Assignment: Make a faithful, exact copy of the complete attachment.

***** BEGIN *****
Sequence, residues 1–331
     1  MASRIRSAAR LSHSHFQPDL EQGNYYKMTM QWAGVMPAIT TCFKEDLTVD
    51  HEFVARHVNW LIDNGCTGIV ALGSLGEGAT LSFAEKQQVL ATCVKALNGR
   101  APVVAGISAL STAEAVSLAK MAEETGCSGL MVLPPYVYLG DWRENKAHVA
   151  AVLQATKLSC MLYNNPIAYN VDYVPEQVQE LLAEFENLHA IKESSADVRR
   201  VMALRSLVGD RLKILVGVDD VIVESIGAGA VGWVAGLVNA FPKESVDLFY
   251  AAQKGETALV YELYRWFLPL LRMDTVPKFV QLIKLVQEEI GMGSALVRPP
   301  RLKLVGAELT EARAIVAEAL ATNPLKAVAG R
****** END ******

Sequence, residues 1–331
     1  MASRIRSAAR LSHSHFQPDL EQGNYYKMTM QWAGVMPAIT TCFKEDLTVD
    51  HEFVARHVNW LIDNGCTGIV ALGSLGEGAT LSFAEKQQVL ATCVKALNGR
   101  APVVAGISAL STAEAVSLAK MAEETGCSGL MVLPPYVYLG DWRENKAHVA
   151  AVLQATKLSC MLYNNPIAYN VDYVPEQVQE LLAEFENLHA IKESSADVRR
   201  VMALRSLVGD RLKILVGVDD VIVESIGAGA VGWVAGLVNA FPKESVDLFY
   251  AAQKGETALV YELYRWFLPL LRMDTVPKFV QLIKLVQEEI GMGSALVRPP
   301  RLKLVGAELT EARAIVAEAL ATNPLKAVAG R